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The Wooden Nickel:  The Day I Became Rich

The Wooden Nickel: The Day I Became Rich

May 02, 2022
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I remember like it was yesterday. It was 1976. I was old enough to be walking in a park by myself near my dad’s house, and young enough to only have a general idea of the significance of money. There it was, in the middle of the grass, like a pirate’s chest cracked open, its treasure spilled and nobody else in sight: 

A $20 dollar bill.

I had never seen so much wealth in one place!

I was raised to know that I should try to find the “owner” of the $20 bill, but it was obvious to me that it had fallen out of somebody’s pocket; nobody was going to claim it. Sure, I looked around for a few seconds, convinced this was a mirage, but what was I going to do…put an ad in the paper?

I had just won the lottery!

This was back when people still carried cash. These days, I have a $20 bill tucked into the back of my phone cover in case I come across some random roadside vegetable stand, but it’s likely I may never actually need to spend cash again. Now, when somebody offers to pay me back with cash, I look at them like they’ve just spit on me. 

But a 10-year-old in 1976 with a $20 bill? What kinds of treasures could I have bought for twenty bucks? How much was it worth? $20 back then would be worth about $78 in 2022 money. It wasn’t like I could buy a whole new dirt bike, but maybe the tires! I was rich!

The park had bumper car rides for 25 cents, but nobody else was there to bump into me. The arcade next to the bumper cars was all pinball machines at a quarter for two plays (3 balls each!), so that could have kept me occupied for an hour (I was no pinball wizard). There was a world-famous custard stand down the street; I could have at least 15 servings!

I had never controlled so much wealth.

Of course, I couldn’t just walk around with a $20 bill; thieves would be on me any second. I would have had to break that twenty into change…how was that to be done?  I couldn’t very well go to a bank, even if I had known where to find one. I could have asked my dad for change, but then it would have generated all kinds of questions like “where did you get this?” or “did you look for the owner?” or “how much of this are you going to save?” I wanted to avoid all scrutiny with my new-found booty, so I had to carefully plan out how to cash in on my big score.

I started scheming. In 1976, there were no “video games” to buy, or I definitely would have blown it all on one. I could have saved the money, but that would have been really boring.  The “Sea Breeze” amusement park was within bike-riding distance, but I’d have had to take my brother and pay for his rides, too. This money was mine, and I didn’t want any freeloader using my hard-earned cash for his own enjoyment. Movies? I mean, Logan’s Run and The Bad News Bears were fine, but not worth MY money. (Little did I know that Star Wars was still a year away; I could have gone to see it over ten times with popcorn!) I could go to the corner store near my dad’s house and buy a mountain of candy, but I’m sure the store folks would have known that this $20 bill wasn’t really mine. What if they asked me how I got it?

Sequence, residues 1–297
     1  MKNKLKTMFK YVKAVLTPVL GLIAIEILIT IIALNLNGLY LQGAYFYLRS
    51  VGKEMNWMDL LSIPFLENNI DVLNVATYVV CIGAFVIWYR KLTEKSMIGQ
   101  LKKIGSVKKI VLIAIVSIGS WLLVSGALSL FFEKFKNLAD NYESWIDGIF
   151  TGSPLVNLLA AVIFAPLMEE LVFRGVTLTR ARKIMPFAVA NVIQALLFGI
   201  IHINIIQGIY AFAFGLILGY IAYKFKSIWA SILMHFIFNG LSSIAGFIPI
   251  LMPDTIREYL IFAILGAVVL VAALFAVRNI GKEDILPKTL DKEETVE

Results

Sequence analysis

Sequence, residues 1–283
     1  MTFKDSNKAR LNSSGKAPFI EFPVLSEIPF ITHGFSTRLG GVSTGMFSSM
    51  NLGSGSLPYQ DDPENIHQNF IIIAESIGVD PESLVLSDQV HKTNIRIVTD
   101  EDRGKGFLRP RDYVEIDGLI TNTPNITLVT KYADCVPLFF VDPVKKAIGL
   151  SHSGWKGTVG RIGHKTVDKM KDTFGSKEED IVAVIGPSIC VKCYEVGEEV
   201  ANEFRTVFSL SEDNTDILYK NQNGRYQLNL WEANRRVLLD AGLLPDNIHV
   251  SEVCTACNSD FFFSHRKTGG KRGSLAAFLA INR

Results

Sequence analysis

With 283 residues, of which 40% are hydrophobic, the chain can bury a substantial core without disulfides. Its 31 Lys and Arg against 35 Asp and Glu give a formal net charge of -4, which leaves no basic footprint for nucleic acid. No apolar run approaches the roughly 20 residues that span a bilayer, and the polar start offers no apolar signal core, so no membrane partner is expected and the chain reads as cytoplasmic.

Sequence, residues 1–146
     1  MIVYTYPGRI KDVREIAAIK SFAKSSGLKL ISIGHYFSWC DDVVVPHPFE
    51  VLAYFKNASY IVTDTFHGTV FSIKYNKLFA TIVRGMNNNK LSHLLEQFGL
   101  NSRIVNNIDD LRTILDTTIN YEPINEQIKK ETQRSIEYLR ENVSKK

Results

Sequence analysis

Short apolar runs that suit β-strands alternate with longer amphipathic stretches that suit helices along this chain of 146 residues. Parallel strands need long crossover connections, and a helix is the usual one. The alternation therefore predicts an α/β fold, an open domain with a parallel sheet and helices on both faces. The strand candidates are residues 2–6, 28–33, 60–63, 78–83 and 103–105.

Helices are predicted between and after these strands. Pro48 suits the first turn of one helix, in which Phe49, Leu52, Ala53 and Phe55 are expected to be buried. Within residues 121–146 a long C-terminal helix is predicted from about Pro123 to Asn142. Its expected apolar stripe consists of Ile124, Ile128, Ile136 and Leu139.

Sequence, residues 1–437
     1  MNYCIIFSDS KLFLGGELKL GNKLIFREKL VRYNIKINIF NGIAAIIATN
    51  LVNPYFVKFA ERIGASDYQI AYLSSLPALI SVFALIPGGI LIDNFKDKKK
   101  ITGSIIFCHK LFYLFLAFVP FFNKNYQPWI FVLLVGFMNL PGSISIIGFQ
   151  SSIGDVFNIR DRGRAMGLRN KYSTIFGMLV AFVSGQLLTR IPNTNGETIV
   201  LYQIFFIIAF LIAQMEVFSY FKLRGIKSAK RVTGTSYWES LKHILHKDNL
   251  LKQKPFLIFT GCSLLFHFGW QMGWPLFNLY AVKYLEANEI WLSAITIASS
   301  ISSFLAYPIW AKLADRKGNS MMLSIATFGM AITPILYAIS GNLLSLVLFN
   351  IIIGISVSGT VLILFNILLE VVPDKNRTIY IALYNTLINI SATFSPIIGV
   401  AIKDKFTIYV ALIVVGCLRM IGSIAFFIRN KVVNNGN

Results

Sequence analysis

This money was turning into a real dilemma. It was overwhelming! 

As I sit here today, I really have no idea what I did with that money. I’m sure I blew it on something. Or I lost it. Or my brother found it and went to Sea Breeze without me.

It’s funny that I remember finding this mountainous sum of money – the feeling of elation it elicited- but have no memory of spending it.  I think that’s why we are so emotional when it comes to earning, investing, and spending money.  It’s the potential that it represents, and we become anxious and worried when we try to decide how to use it, save it, or just blow it.  We don’t want to make a mistake!  I’m sure I wasted the $20 on some combination of mindless entertainment and poor food choices.

Oh, well.

So, what’s the lesson here? Maybe that sudden, unearned wealth may lead to poor choices? That the ‘70’s were a lousy time to be a kid with a $20 bill? That I would spend my entire professional career advising people to be smarter with their money than I was with my money at age 10? 

Perhaps that $20 bill set me on a life path of thinking of money not as some life-altering substance that would make all my dreams come true. Maybe instead I learned that money is a tool to use and manage, but not worship. 

Or maybe I just bought candy and called it a day. I probably decided to share it with my brother just to keep him quiet.